Review From The House: 36 Views

Review  From The House: 36 Views

Review From The House: 36 Views

By Naomi Iizuka
Directed by Anthony F. Ingram
Tempus Theatre
Jericho Arts Centre May 1-23, 2009

Vancouver, BC: Years ago, in Kyoto, I fell in love with a set of 4 paintings depicting the four seasons. With a few fine brush strokes, the artist was able to evoke a uniquely Japanese image of spring, summer, autumn and winter.  I loved  the beauty of the precise minimalistic images with not a single superfluous stroke. That's how I felt watching Naomi lizuka's perfect  gem of  a play, 36 Views. It closes on Saturday and I urge you not to miss it.

Director Anthony Ingram and his team of design wizards, sets - Todd Parker, lighting -Darren Boquist, projection - Corwin Ferguson and sound - Ronin Wong, do full justice to Iizuka's script giving the actors an enchanted environment in which to play. Enclosing the playing space with  black drapes and hanging panels, they move us effortlessly between ancient Japan and contemporary art gallery.  Amd the cast take full advantage of the tools they are given, with uniformly excellent performances.

Michael Kopsa plays Darius Wheeler,  a somewhat unscrupulous art dealer who is utterly charming.    I think he could have talked me into buying an art object, even though I am not a collector!  Darius is smitten by a much younger woman, art historian, Setsuko Hearn (Lissa Neptuno). Through the "aid" of Wheeler's assistant, John Bell (Bert Steinmanis) and art restorer, Claire Tsong (Valerie Sing Turner) , Darius and Setsuko learn about a medieval Japanese pillow book and with the enthusiastic encouragement of Owen Matthiassen (Keith Martin Gordey), Setsuko's colleague in Oriental Studies, they must determine whether it is authentic. Into this mix comes buyer/ writer Elizabeth Newman-Orr (Annabel Kershaw) to investigate Wheeler's methods of practice. But nothing is quite what it seems. Steinmanis and Sing Turner in 36 Views are shown in the photograph  above.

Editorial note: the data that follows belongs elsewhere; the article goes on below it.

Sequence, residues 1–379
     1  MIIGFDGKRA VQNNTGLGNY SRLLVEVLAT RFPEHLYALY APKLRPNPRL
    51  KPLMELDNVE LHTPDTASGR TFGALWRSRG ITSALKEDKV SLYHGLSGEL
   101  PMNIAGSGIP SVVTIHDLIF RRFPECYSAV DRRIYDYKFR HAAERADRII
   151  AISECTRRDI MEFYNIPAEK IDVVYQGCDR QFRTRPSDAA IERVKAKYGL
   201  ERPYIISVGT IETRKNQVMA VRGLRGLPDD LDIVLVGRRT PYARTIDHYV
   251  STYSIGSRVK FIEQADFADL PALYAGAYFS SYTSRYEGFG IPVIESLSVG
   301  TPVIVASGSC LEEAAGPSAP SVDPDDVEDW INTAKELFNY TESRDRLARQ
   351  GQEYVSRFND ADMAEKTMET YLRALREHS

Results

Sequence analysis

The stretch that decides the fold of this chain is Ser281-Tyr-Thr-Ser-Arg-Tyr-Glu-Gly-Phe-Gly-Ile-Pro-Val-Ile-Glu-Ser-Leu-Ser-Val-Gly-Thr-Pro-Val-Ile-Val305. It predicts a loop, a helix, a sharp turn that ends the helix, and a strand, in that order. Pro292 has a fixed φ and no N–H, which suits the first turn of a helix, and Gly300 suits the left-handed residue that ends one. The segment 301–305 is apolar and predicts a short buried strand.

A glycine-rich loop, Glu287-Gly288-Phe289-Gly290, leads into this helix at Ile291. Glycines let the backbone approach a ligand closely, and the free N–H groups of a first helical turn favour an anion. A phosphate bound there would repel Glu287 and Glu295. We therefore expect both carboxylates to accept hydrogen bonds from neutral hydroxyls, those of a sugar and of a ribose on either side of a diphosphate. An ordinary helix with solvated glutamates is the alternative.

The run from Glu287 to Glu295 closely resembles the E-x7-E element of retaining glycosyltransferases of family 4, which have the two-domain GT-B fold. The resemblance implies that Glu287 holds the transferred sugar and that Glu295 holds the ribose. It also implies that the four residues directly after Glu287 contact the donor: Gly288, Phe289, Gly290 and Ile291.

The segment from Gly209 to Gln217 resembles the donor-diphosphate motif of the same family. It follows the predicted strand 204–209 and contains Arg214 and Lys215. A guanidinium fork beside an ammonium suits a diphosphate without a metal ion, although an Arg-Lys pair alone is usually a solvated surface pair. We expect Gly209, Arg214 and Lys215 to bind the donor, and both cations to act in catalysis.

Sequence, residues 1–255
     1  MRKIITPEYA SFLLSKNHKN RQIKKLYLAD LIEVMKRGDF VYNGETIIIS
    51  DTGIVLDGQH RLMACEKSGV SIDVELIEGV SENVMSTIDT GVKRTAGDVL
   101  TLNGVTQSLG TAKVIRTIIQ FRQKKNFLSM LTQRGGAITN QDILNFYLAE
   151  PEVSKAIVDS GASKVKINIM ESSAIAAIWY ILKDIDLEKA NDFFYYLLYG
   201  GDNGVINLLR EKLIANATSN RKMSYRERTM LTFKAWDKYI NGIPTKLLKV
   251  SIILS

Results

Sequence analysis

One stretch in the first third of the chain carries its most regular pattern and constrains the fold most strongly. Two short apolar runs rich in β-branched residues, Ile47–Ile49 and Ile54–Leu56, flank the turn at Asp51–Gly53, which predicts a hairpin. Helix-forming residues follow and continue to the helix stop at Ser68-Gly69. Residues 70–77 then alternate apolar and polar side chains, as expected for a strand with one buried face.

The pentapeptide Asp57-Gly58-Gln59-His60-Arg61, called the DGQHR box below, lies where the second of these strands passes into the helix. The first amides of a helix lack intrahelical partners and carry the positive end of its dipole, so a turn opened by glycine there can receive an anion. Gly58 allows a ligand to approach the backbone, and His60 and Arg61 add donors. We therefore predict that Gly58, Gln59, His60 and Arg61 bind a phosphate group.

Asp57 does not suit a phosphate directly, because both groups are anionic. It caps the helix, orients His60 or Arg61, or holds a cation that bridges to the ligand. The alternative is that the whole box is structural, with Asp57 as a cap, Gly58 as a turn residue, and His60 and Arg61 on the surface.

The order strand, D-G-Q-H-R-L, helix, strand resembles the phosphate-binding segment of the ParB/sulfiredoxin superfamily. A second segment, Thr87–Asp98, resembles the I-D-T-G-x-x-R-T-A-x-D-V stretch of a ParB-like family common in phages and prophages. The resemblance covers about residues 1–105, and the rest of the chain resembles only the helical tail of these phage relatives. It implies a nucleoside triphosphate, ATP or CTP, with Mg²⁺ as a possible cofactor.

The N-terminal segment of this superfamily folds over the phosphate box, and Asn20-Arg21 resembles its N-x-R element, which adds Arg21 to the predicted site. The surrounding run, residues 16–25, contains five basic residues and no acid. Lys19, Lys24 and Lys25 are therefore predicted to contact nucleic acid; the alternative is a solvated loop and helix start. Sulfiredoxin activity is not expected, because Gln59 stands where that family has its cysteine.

Costume designer Nina Pelog does a beautiful job of dressing the women in both contemporary and traditional Japanese garb.  A scene where Neptuno is unrolled from layer after layer of clothing to evolve before our eyes from a Japanese lady in kimono to a modern young miss, is quite memorable. The story unfolds with twists and turns with passages from the pillow book spoken aloud by the 10th century writer in ancient costume, as Neptuno is shown in this photograph

Also memorable are Ferguson's projections of wood blocks and paintings on the black panels and scrims while Wong's soundscape shows how less can be more - for example a single sound emphasizing a beat in the script  - the whole took me back to a summer night spent in a ryokan (traditional Japanese Inn)  where we slept on a tatami mat in a room bounded by sliding screens through which the scented  night air permeated. That was a truly magical evening that will stay in my memory forever- as will this.

It is so good to see all elements of a production come together so well. Great job all of you at Tempus Theatre.